true.

And yet, for several years, cod-liver oil has been almost the only medicine prescribed for the cure of pulmonary diseases. It has been emphatically THE GREAT REMEDY of the profession, and no nostrum was ever more empirically administered. In all stages and forms of consumption, and under every variety of circumstances which surround this disease, it has been given almost as a specific. Now what

are the results attained by its use? The bills of mortality show an increase in the number of deaths from pulmonary diseases equal to, if not greater than, the ratio of increase in the population. There has been no decrease in either their prevalence or their mortality. The sales of the oil have steadily decreased for several years, until it is questionable whether for every six gallons consumed three years ago one is consumed to-day. Then everybody hoped miracles from its use as a medicine-now comparatively few persons can be induced to take it even as a nourishment. From one absurd extreme we are fast verging to the opposite.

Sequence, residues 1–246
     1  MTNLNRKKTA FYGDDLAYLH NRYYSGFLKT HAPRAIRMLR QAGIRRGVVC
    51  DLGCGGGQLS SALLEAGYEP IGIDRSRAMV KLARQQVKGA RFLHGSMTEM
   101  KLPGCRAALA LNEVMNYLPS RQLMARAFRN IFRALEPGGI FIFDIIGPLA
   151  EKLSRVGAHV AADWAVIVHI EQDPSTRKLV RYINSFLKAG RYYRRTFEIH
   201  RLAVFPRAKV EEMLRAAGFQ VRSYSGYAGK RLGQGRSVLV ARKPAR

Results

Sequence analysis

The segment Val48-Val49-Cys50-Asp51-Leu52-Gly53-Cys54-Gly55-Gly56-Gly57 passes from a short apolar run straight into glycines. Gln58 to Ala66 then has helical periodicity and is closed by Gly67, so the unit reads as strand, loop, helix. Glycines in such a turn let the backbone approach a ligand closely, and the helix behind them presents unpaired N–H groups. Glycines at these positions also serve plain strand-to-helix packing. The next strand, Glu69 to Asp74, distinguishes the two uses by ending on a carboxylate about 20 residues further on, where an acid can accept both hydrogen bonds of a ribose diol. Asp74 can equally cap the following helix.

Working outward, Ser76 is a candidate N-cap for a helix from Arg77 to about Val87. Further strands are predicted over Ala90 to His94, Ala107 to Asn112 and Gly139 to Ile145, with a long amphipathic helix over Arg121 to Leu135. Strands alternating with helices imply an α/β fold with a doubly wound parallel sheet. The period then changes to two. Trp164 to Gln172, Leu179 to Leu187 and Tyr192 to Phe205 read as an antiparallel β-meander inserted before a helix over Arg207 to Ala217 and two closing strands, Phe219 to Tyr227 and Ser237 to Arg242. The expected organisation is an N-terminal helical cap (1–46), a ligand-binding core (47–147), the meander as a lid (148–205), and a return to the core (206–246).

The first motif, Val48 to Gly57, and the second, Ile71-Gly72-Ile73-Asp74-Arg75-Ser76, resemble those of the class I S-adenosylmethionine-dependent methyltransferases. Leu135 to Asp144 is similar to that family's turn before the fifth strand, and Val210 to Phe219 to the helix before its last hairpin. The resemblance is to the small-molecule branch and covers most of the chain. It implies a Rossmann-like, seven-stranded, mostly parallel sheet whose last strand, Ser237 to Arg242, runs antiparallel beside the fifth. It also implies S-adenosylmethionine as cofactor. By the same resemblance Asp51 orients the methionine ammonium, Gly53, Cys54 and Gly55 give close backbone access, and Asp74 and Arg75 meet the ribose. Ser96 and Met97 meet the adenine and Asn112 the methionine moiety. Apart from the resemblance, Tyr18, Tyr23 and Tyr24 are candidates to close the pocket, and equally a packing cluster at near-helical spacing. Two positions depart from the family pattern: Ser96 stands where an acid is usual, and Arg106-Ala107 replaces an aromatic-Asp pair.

Now, clearly, all this is very foolish and very wrong. Cod-liver oil has certainly failed as a medicine, but it has firmly established its claims as an important article of diet in many exhausting diseases. Properly employed, and in suitable cases, it supplies the system with a peculiar nourishment required to counteract the waste going on, and at the same time saves the stomach from much labour in digestion. It is therefore an important dietetic aid to a proper and rational treatment of many cases of consumption, and should be so esteemed by the public and the profession.

CASE XXXIV. CHRONIC COUGH, WITH LOSS OF VOICE.The following interesting case came under my observation:

66